“We’ve been really blessed,” Kehoe said. “Claudia and I think it’s our time to give back to Missourians. It’s been a good community and state to us — Missourians have welcomed us into their homes. I love this state, I’m a true Missourian who’s never lived anywhere else, and I think it’s our opportunity to give back.”
Kehoe praised the work of Gov. Mike Parson, saying he hoped to bring a similar tone and focus to the office if given the chance. He said the main reason for last week’s announcement was to clear the field for others hoping to contend for U.S. Senator Roy Blunt’s seat in 2022.
Kehoe appeared on Sunday’s episode of “This Week in Missouri Politics” to discuss his announcement in addition to the results of the 2020 election and this year’s legislative session. He also reviewed his stance on issues including the Second Amendment and abortion.
“The most fundamental, innocent person that you can protect is that person in the womb that can’t speak for themselves,” Kehoe said. “Way before politics, I’ve been involved with multiple organizations, both in the community and statewide. … We really believe in the passionate plea that that person that can’t speak for themselves has, and I think as elected officials we’re the person that needs to speak for that person.”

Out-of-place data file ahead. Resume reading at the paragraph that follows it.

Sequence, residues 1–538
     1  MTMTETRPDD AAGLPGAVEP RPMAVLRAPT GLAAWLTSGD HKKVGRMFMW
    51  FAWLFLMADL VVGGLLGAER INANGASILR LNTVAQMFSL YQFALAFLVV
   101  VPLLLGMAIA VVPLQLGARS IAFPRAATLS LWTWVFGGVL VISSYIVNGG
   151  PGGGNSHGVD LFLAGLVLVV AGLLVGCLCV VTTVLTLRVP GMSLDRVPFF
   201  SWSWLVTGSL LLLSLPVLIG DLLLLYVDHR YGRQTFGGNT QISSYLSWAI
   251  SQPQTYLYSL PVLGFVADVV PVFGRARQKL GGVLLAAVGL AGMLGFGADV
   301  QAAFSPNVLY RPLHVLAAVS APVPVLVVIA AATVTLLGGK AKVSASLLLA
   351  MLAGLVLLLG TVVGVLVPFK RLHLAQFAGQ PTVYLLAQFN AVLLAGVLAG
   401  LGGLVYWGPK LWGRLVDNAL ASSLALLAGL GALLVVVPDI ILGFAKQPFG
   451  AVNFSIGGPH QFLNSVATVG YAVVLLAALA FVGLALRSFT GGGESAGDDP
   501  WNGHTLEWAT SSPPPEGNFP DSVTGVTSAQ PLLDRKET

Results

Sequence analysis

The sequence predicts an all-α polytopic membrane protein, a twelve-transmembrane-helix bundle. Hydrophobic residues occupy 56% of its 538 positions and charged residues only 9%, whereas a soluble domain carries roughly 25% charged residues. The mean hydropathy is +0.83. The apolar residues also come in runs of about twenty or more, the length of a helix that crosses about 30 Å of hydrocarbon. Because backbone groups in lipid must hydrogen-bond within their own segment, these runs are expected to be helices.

U.S. Senate race
Sen. Karla Eslinger, Columbia Mayor Brian Treece, Axiom Strategies senior associate Hannah Beers Sutton, and The Missouri Times editor Kaitlyn Schallhorn joined this week’s panel to discuss COVID-19, session, and the upcoming U.S. Senate race after major contenders Attorney General Eric Schmitt and former Gov. Eric Greitens officially announced their bids last week.
“In my humble opinion, I think Eric Schmitt is the right guy to do that,” Sutton said of the race. “Out of all the rumored candidates, he’s the only one who has won statewide twice overwhelmingly; Missourians love him. … I think Missourians are ready for Eric Schmitt to be senator.”
Treece said the possibility of a crowded Republican primary could lead to a tight race as several other possible announcements loom.
“I think at some point it becomes the more the merrier,” he said. “I think Congressman [Jason] Smith looks at it, Congresswoman [Ann] Wagner, Congresswoman [Vicky] Hartzler — that 30, 35 percent victory margin may be 17 percent depending on how many people get in.”
Cameron Gerber studied journalism at Lincoln University. Prior to Lincoln, he earned an associate’s degree from State Fair Community College. Cameron is a native of Eldon, Missouri.
Contact Cameron at firstname.lastname@example.org.